The Basics of Investing: Private Equity Definitions

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Private Equity Definitions

Angel investors–Wealthy individuals with operating experience typically invest $50,000 to $1 million in exchange for equity in an entrepreneurial enterprise. Angels are generally passive investors but may sit on the board and offer their experience and advice during the company’s initial growth stages. 

Arbitrage – A strategy that exploits mispricings between identical or similar financial instruments on different markets or other market forms. 

Buyout -An equity investment that often garners majority control in a company.  When significant debt finances the deal, it is called a “leveraged buyout” (LBO).  When company management leads this effort, it is called a “Management Buyout” (MBO). 

Buyout firms purchase established companies and employ leverage, cost-cutting, and internal growth techniques to increase company value.  

Capital Call – When a private equity manager asks investors to commit additional capital, usually a pre-agreed-upon amount of their committed capital. 

Capital Structure Arbitrage – While a company is restructuring, the prices of its different financial instruments may become mispriced relative to each other.  This presents an opportunity for capital structure arbitrage.  Specialists in distressed securities purchase the undervalued securities and short the overvalued securities to capitalize on the spread differential.

Capital Under Management – The committed capital in the firm’s previous and current investment funds.  Unlike public equity managers, not all of a Private Equity fund’s capital under management is available for investment. 

Carried Interest–the Private Equity manager’s incentive compensation. It can range from 10% to 30% of the firm’s investment profits. Often, carried interest is paid after investors receive their original investment back plus a preferred return. 

Clawback:  Funds the General partner makes to the Fund after the final liquidating distribution.  

Closed-End Fund Arbitrage—A strategy that seeks to exploit the spreads between the securities in a closed-end fund and the value of the fund itself. This strategy is based on the often illiquid nature of closed-end funds, which leads to undervaluations.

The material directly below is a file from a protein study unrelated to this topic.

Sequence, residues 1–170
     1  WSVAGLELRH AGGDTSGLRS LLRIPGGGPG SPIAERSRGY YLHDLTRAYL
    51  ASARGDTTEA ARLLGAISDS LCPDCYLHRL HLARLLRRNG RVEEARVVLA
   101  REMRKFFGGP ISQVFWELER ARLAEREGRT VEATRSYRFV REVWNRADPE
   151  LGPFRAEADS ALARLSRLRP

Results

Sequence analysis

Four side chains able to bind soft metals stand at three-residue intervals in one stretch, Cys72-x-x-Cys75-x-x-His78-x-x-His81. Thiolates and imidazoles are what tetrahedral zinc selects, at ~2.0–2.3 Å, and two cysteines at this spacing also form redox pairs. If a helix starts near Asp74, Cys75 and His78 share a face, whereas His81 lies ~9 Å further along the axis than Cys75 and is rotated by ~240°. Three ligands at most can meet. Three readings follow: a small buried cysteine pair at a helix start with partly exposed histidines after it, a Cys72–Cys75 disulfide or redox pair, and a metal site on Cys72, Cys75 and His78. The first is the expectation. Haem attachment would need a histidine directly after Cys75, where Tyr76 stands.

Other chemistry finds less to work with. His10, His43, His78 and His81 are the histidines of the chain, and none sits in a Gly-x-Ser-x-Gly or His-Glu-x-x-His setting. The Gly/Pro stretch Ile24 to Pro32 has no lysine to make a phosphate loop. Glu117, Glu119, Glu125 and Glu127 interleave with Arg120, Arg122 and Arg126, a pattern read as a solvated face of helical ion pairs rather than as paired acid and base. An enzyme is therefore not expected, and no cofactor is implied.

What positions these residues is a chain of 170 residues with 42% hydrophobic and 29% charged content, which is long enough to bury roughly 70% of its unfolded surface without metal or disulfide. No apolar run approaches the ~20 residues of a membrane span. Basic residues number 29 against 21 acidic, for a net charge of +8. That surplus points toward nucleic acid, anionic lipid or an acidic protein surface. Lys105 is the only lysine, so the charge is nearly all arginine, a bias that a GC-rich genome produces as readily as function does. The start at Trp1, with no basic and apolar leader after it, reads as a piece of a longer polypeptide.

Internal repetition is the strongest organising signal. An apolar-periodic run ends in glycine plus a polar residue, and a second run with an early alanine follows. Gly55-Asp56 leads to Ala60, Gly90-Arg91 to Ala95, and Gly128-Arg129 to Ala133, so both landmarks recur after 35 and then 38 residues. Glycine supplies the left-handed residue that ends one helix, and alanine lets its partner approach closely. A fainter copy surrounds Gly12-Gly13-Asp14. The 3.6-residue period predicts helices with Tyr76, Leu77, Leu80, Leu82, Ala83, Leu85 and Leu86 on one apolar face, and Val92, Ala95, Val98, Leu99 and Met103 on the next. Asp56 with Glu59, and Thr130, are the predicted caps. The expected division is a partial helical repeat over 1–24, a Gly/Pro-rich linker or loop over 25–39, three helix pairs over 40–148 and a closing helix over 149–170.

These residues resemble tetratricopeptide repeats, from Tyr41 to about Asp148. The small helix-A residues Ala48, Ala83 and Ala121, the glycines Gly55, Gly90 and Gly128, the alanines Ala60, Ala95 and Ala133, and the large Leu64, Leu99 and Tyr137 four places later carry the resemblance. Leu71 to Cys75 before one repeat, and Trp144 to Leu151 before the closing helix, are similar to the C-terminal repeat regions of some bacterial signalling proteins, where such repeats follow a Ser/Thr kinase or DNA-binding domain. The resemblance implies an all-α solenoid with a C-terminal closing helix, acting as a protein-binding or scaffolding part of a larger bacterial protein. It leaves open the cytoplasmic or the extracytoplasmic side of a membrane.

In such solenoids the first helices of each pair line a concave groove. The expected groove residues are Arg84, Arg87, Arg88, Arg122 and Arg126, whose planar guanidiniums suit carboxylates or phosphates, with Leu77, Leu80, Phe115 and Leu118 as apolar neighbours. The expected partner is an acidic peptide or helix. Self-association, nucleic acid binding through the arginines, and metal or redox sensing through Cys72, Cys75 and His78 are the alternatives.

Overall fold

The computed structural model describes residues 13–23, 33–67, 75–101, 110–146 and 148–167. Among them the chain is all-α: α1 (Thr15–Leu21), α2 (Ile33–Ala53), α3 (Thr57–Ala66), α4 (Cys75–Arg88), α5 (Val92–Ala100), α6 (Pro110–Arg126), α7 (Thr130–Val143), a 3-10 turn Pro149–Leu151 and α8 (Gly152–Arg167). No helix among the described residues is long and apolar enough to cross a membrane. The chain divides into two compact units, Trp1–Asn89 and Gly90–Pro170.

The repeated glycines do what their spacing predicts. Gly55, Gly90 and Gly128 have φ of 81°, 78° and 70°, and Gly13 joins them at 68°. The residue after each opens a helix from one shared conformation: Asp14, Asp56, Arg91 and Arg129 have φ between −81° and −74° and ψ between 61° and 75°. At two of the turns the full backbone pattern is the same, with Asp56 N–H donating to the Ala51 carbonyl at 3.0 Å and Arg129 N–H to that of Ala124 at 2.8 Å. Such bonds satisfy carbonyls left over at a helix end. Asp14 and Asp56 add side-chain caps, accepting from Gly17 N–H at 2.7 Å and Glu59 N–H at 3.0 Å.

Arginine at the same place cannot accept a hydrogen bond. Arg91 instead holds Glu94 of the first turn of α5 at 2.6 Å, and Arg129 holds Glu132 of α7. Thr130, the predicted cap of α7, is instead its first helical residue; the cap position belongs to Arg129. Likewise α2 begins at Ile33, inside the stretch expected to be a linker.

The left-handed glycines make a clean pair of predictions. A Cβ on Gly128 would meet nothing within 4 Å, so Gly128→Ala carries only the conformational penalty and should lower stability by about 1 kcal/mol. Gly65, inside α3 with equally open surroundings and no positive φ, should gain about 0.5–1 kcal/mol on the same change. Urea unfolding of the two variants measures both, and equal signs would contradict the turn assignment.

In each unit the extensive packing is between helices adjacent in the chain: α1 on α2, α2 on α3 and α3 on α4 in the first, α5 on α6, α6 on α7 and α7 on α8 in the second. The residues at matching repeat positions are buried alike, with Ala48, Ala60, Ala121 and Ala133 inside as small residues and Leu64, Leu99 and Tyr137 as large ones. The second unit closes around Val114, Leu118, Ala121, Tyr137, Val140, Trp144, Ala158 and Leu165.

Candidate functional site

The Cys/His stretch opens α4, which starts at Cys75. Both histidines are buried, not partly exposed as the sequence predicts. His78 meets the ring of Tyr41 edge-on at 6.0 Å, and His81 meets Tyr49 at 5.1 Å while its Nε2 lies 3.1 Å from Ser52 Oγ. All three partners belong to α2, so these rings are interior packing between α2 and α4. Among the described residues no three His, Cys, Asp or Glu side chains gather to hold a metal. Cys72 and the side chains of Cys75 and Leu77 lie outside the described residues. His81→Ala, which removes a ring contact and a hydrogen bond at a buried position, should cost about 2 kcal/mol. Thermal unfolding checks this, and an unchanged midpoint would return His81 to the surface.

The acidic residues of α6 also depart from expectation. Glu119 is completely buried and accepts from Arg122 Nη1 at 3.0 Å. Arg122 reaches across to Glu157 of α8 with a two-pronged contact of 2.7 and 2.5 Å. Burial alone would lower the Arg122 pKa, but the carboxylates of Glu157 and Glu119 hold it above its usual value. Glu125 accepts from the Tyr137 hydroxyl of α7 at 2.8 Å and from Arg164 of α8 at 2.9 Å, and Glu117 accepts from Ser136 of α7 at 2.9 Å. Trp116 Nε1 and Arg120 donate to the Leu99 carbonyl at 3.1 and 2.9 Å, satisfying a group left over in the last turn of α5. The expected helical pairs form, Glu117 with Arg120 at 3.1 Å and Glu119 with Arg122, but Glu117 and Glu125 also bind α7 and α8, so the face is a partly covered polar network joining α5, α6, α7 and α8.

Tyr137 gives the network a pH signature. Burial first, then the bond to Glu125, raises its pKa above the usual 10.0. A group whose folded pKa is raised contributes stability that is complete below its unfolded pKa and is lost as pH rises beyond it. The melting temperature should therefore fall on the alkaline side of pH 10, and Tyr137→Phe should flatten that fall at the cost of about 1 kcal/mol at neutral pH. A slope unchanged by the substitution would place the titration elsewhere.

Co-Investment – A limited partner’s investment in an operating company made in parallel with the manager.

Committed Capital – Capital the investors have collectively or individually agreed to provide. (See also “Paid in Capital.”)

Convertible Arbitrage – Convertible arbitrageurs are simultaneously long the convertible securities and short the underlying of the same issuer (or occasionally vice versa).  This allows them to trade the spread between the two securities.  Returns are produced based on the difference between cash flows collected through coupon payments, short interest rebates, and cash paid out to cover dividend payments on the short equity positions.  Returns also result from the convergence of valuations between the two securities. 

Deal flow—The process of sourcing and screening potential investment opportunities.

Direct Investment – Equity investment made to the operating company, not via a partnership or fund.

Distressed Securities – Fund managers invest in companies’ debt, equity, or trade claims in financial distress and bankruptcy.  The securities of companies needing legal action or restructuring to revive financial stability typically trade at substantial discounts to par value, which attracts investments when managers perceive a turnaround will materialize. 

Exit Strategy—The process by which an investor can cash out of their investment.  This involves raising cash from other sources, often from an initial public offering or leveraged buy-out.

Expansion Capital—Equity or equity-like investments made in private or public companies with proven business models that have reached or are approaching profitability. Investments are used to expand the companies’ operations. 

Fixed Income Arbitrage – The asset-backed securities arbitrageur seeks to profit from price anomalies between related interest rate securities. The mortgage-backed market is primarily US-based, over-the-counter, and remarkably complex. In general, these strategies tend to be slightly leveraged. However, managers with higher leverage ratios tend to have more liquid underlying securities with higher average credit quality.